Letters to the editor should be no longer than 350 words and will be edited. Include your address (it won’t be published). E-mail editor@wltribune.com.

LETTER: Let’s hear some of the benefits of rail tie burning

“I gave the management of the henhouse to the fox, all will be well.”

Editor:

The process by which Williams Lake city council endorsed Atlantic Power’s application to burn rail ties at their facility contains some serious problems.

Despite sustained public opposition to this application from individuals, groups and federations (BCTF) our city council stubbornly went ahead and OK’d Atlantic Power’s proposal.

What is distressing is that amidst all the opposition to the proposal our city council have never offered any justifiable reasons why or how this is a good move for the City of Williams Lake, its citizens, and this region.

Were they not elected and thus entrusted to look after the best interests of this city and those who live within it?

Read More: Williams Lake will be a last resort for people and investors

So let’s hear from them the benefits that allowing Atlantic Power to burn rail ties will bring to Williams Lake.

If our mayor and council say it is for jobs remember that no one in opposition to this application were looking to close AP only to prevent them from burning rail ties.

So what are the benefits?

Many valid reasons not to allow this application have been voiced so if they do have any benefits to provide they should be good and plentiful.

Read More: Environmental Appeal Board rules in favour of Atlantic Power burning rail ties

However, it appears that our elected officials don’t really have any to offer.

It would also seem that they got this idea in their heads and like headstrong, willful little children they are now living by the mantra, “it is easier to apologize than it is to ask permission.”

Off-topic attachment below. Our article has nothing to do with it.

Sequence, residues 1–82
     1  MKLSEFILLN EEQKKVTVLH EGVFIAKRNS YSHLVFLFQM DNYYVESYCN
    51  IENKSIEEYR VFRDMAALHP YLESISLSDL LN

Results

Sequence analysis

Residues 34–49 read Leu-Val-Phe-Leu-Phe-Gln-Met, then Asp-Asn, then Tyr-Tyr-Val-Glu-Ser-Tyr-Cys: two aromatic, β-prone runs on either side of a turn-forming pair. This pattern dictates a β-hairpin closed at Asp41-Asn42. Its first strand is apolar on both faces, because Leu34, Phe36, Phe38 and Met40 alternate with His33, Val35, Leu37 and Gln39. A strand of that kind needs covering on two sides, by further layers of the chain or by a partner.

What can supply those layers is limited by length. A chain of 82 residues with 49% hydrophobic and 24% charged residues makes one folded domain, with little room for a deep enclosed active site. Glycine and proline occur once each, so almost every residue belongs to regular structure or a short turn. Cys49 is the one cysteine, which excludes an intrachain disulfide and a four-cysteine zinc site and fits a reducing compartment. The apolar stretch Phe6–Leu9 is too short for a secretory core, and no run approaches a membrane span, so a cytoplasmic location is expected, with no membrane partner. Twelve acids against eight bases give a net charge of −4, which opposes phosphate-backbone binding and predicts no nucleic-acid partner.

They haven’t or most likely can’t offer any real plausible benefits this proposal would provide but they did recently declare that their decision to OK this project was based on science.

What science?

If they mean sound, factual science how can their’s be so different than that of the countless communities that have said no to rail tie burning based on science?

Who provided the science because there is a huge difference between unbiased, fact based science that works for no one except the truth and $cience. $cience provides data that works only for the benefit of a specific, targeted outcome.

And to hear Mayor Cobb state that he trusts Atlantic Power to manage and monitor all safety measures and protocols is absolutely frightening.

That is like saying, “I gave the management of the hen house to the fox, all will be well.”

I hope he and the rest of city council are working on their apologies.

Joan McKinney

Williams Lake

Just Posted

New Performances in the Park organizer needed for 2020

Are you interested in taking over this popular community event?

CRD estimates 47 properties impacted by flooding in Chilcotin

Ministry of Agriculture visits producers impacted

Williams Lake Cycling Club hosts mountain bike film Thursday evening, July 18

Doors open at 6 p.m., the show Return to Earth starts at 7 p.m.

Chiefs honour Tsilhqot’in leader wrongfully hanged in B.C. 154 years ago today

Chief Joe Alphonse says they want his remains returned to his homeland in B.C.’s Cariboo region

Feds lowered poverty line, reducing the number of seniors in need: documents

Liberals introduced a poverty line that was below the prior low-income cutoff

BCHL: Alberni Valley Bulldogs have been sold

Victoria company has purchased BCHL team, but will keep it in Port Alberni

“Does Kirby care?” B.C. First Nation’s group using geo-targeted ads in Houston, Texas for justice

The Heiltsuk Tribal Council has called out Kirby Corporation for the Nathan E. Stewart oil spill

Trudeau announces $79M investment for 118 more public transit buses across B.C.

Contributions from municipal to federal level to fund more buses in a bid to cut commutes

B.C. woman wins record $2.1 million on casino slot machine

‘That night was so surreal … I wasn’t able to sleep or eat for the first two days,’ she said

After B.C. dad’s death, Technical Safety BC wants changes to trampoline park rules

Jay Greenwood, 46, did ‘a series of acrobatic manoeuvres prior to a fall that caused serious injury and cardiac arrest’

$900M settlement reached in class action on sexual misconduct in Canadian military

After facing criticism, the government moved to begin settlement proceedings in early 2018

Tax take stays ahead of increased B.C. government spending

Tax revenue $2.1 billion higher than budget in 2018-19

Two toddler siblings found drowned on First Nation in Alberta

The siblings were found drowned on their family’s property, according to RCMP

Most Read